Land grab plan is too damn risky

Last week saw the release of a long-awaited report on the feasibility of Utah managing federal lands.

According to the report, Utah could conceivably take over the management of federal lands within our borders, and with the money derived from extractive industries, pay for its upkeep.

First, the most obvious hitch in this whole plan is that the federal government has no intention of ceding control of these lands to Utah but let’s just assume for a moment that they did. According to legislators who support the land grab, this report makes it sound like a pretty great deal for Utah.

Or does it?

The entire premise of the report is based on best-case scenarios. In order to effectively manage federal land, Utah must maximize revenue from oil and gas leases, meaning oil and gas prices would need to remain high. Currently, gas prices are low and continuing to drop. Even at today’s prices, the scenario is untenable and gas prices fluctuate significantly, especially over longer periods of time.

If oil prices continue to drop this scenario is not just unrealistic but will become dire and the state will be forced to find other sources of income to manage the land. Where would that revenue come from? It could possibly come from increasing the tax burden and lease permit fees–a solution the legislature would be loath to pursue, especially if any chance of success depends on these corporate interests remaining profitable and happy with doing business in Utah. Instead, public land would have to be sold to private interests, revenue from other sources like education and roads would have to be diverted to land needs, and ultimately, taxes would have to be raised.

We also need to remember the promises of a windfall for public education from the untapped revenue hidden in federal land. When legislators proposed this plan, they promised hundreds of millions of dollars of revenue for public education.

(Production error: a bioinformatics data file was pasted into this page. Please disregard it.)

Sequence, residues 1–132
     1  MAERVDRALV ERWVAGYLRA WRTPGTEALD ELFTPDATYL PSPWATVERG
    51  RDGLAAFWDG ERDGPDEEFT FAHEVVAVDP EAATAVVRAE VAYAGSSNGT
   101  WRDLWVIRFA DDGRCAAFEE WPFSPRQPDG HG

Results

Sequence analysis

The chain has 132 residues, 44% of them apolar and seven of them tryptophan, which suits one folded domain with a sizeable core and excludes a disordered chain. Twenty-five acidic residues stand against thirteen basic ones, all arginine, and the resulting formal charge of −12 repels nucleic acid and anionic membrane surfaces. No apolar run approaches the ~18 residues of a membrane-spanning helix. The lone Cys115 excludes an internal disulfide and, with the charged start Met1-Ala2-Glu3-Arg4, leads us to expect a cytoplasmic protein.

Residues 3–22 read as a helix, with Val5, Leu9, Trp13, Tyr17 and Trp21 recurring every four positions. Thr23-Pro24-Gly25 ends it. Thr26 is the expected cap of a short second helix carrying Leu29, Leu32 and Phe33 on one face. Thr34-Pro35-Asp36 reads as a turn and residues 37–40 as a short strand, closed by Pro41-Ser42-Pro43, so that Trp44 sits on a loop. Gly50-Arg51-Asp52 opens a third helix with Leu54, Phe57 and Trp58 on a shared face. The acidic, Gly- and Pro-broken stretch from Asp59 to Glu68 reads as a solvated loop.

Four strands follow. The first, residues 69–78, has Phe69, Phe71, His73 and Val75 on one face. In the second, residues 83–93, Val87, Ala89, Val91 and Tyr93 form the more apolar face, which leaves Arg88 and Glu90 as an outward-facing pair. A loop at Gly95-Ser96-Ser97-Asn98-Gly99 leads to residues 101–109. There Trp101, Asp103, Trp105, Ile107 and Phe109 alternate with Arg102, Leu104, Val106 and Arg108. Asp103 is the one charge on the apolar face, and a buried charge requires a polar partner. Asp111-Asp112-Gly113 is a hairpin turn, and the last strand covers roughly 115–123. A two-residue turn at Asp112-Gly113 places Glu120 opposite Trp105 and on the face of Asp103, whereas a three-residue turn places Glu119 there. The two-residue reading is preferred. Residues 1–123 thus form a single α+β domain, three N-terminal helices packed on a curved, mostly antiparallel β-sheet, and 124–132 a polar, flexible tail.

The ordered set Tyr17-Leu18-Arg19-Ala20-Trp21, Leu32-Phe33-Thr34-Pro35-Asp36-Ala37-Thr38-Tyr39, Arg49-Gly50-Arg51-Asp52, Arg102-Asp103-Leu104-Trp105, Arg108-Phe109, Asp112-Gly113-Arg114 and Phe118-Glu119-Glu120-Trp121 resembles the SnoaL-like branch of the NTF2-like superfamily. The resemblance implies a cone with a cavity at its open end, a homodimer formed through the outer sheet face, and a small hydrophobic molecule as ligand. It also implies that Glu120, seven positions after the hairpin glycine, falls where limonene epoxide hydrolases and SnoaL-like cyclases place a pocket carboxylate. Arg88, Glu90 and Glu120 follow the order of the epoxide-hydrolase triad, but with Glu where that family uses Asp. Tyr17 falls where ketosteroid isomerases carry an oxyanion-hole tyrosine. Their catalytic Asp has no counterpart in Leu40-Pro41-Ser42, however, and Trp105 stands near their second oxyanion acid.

According to this report, there are virtually no scenarios where that happens. Even in a perfect world, it would not be possible to see any additional revenue other than what is necessary to maintain the land, until at least 2022.

That’s right, in a perfect world, if gas prices rise significantly, and if a whole slew of additional what-ifs pan out, there may be an increase in revenue a decade from now, maybe.

But instead of seeing this report for what it is–proof of how quixotic and foolish this land grab plan truly is, the legislature is irrationally plowing forward. They’ve already allocated $2 million to sue the federal government demanding they turn over public lands. Legal experts have told them they won’t be successful.

For our sake, let’s hope the smarter legal minds are right and they fail in this quest. Losing a couple million dollars is certainly foolish but it is far better than risking the future of our entire state on the doomed plan to manage federal land.

The Better UTAH Beat airs Tuesday afternoons on KVNU’s For the People. Podcasts of previous episodes are available here.

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